The Origin of 365 Ways...

I came across this amazing book by Phillippe Bourseiller when i was in Denmark close to a year ago: "For the past 15 years, Phillippe Bourseiller has photographed nature from every angle: from the eruption of the volcano Pinatubo to the great deserts of ice and sand, he has captured the hidden colours and breathtaking lights of our planet. But our contemporary way of life threatens this fragile beauty. To encourage more restraint, Philippe Bourseiller teams 365 photographs with a daily ecological action. Each of the initiatives is accompanied by facts and statistics that illustrate the threats to the environment posed by our behavious, and demonstrate the beneficial consequences of the recommended actions. Each day reveals the image of a wonder of nature along with the guidelines to preserve our planet. Through the pages of 365 Ways to Save the Earth, a truly ethical way of life takes shape." Starting from today, i would like to post each inspiring page according to the days on the yearly calendar (supposed to start from jan, but...i'll catch up!). Hopefully, you'll look at everyday a little differently after this...

Sunday, April 15, 2007

Agriculture - Choose a well-bred chicken

Drifting ice floe, Antartica

By breeding fowl using growth-promoting drugs and antibiotics, farmers have succeeded in decreasing the average amount of time it takes to produce an average 2.2 kilogram chicken, from 84 days in 1950 to 50 days today. Living conditions for these battery-raised animals are crowded and grim; these birds never even see the light of day. Recently, free-range and organically-raised chicken has become more widely available as an alternative, although organic farmers in the UK may keep flocks of up to 12,000 birds, in line with European Union standards. Instead, seek out organic and free-range chickens and eggs marked with the more stringent Soil Association label. These animals live in flocks of no more than 2,000 and ideally no bigger than 500 birds. Their diet includes organic grain, but no drugs. While more expensive to produce, humanely raised chickens are healthier and they taste better.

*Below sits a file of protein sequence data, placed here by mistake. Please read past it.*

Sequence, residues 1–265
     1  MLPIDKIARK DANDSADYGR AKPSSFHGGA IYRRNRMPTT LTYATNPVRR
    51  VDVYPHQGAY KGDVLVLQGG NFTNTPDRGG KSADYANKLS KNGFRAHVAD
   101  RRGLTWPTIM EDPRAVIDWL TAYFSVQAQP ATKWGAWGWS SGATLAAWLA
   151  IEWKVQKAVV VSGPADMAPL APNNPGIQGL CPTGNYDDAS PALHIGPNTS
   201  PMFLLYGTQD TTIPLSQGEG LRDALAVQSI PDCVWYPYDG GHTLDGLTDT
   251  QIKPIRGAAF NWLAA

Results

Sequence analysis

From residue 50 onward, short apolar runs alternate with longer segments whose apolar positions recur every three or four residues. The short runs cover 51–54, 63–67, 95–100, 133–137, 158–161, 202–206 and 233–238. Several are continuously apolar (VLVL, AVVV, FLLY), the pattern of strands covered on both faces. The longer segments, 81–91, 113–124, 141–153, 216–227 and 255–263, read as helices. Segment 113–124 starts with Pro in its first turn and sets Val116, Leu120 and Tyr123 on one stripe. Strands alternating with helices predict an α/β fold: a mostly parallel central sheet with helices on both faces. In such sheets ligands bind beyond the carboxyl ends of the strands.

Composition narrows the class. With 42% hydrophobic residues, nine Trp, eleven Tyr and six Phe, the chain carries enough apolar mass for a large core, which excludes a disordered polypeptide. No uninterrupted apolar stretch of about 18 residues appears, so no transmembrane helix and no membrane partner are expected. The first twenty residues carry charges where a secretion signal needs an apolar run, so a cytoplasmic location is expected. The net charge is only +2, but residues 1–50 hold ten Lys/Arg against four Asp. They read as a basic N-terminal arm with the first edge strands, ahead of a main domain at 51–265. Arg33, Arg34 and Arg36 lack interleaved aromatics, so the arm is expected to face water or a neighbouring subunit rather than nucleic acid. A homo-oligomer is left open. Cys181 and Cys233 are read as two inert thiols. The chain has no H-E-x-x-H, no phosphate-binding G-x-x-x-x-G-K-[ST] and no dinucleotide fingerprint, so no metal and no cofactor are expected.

Consider reducing your meat consumption and replace quantity with quality. Think about how that inexpensive, intensively raised roast came to market and treat yourself to the somewhat more costly, but much happier organic bird. Choose meat, dairy products and eggs bearing the Soil Association, IOFGA, or Organic Farmers and Growers mark.

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